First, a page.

Apple growers become patrons of science

  • Washington grows 60 percent of the fresh apples eaten in the U.S.

    John Marshall
  • Books and apple drawing

    Diane Sylvain
 

Note: This article is a sidebar to one of this issue's feature stories, Sexy weapon thwarts bugs.

Washington's asparagus growers will pay WSU scientists $12,000 this year to figure out how to prevent asparagus spears from softening during canning. Pea and lentil growers will spend about $50,000 on researching soil conservation. And the tiny cranberry industry has contracted with university researchers to find ways to keep weeds from invading cranberry bogs.

But apple growers spend much more on research than any of Washington's other two dozen agricultural groups. Apples account for about 85 percent of the state's tree fruits, and will bring in a projected $1 billion this year - more than any other agricultural product.

The tree fruit industry's support for research mirrors its position on top of the agricultural heap. This year, orchardists will contribute $2 million to research - nearly half of it to Washington State University. This figure is proportionally higher than that given by the dairy and wheat growers, the second and third largest agricultural groups in the state, respectively. The dairy industry, which generates about $650 million annually, will contribute about $250,000 to research this year. The wheat industry, with revenues of about $500 million, will give scientists about $750,000.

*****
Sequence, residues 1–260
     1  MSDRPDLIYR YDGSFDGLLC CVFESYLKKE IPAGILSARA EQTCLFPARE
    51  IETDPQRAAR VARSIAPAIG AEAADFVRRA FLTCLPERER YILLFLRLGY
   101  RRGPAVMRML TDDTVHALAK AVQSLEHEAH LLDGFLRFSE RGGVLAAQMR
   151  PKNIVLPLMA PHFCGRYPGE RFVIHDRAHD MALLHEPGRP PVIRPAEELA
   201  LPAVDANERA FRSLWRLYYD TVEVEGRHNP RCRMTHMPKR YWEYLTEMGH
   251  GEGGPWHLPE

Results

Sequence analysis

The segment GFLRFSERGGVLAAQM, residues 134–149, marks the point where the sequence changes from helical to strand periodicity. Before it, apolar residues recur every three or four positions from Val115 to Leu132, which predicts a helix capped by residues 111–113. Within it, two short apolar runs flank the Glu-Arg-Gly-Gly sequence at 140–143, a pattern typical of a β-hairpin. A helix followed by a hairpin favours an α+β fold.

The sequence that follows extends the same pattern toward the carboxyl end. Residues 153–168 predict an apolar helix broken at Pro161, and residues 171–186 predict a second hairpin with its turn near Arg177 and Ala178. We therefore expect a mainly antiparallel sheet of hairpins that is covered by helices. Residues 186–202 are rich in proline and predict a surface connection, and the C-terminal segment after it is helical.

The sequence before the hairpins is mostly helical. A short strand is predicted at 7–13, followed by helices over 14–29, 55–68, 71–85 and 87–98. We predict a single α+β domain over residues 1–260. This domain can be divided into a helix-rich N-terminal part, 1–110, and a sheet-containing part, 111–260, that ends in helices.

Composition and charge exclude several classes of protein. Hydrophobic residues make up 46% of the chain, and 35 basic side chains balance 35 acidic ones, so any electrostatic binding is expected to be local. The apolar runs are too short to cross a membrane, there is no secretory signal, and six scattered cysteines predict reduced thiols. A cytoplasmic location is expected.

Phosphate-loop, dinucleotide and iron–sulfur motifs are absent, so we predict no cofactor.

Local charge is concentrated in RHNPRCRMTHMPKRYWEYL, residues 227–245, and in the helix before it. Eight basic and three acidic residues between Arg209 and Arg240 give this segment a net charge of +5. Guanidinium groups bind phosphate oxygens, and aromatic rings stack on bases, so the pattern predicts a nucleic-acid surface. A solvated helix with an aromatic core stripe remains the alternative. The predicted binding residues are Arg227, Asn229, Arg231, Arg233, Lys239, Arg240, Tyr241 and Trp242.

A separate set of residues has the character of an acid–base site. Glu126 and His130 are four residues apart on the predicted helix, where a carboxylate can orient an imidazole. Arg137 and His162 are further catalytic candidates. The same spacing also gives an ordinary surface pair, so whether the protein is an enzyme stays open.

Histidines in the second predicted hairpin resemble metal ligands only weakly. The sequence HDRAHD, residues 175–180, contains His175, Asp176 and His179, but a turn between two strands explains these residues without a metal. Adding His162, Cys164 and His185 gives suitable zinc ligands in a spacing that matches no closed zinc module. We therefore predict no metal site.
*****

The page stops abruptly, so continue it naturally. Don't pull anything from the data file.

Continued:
Tree fruit growers are quadrupling support for research. In 1991, they gave less than $1 million; next year, they will distribute about $3.4 million.

Much of the growers' eagerness to support research because the number of pesticides for apples is shrinking.

"The growers I work with are all extremely concerned with environmental issues," says Peter Sanderson, a plant pathologist who works for the Washington Tree Fruit Research Commission. "They really do think of themselves as stewards of the land. They don't like to be hounded by regulators, so most people want to keep their operations clean."

Finding alternatives to pesticides is not the only way that scientists help growers. They're developing ways to increase productivity, decrease fertilizer use and breed new strains of apples.

Doyle Fleming, who grows apples in Orondo, says Washington apples need to compete in foreign markets against fruit from Chile, South Africa and Europe. "Our industry's success is tied up with research, because we're not going to produce for less than these other countries," he says. "So we have to do it better or cheaper. As an industry it's pretty much agreed upon that research is our only hope."

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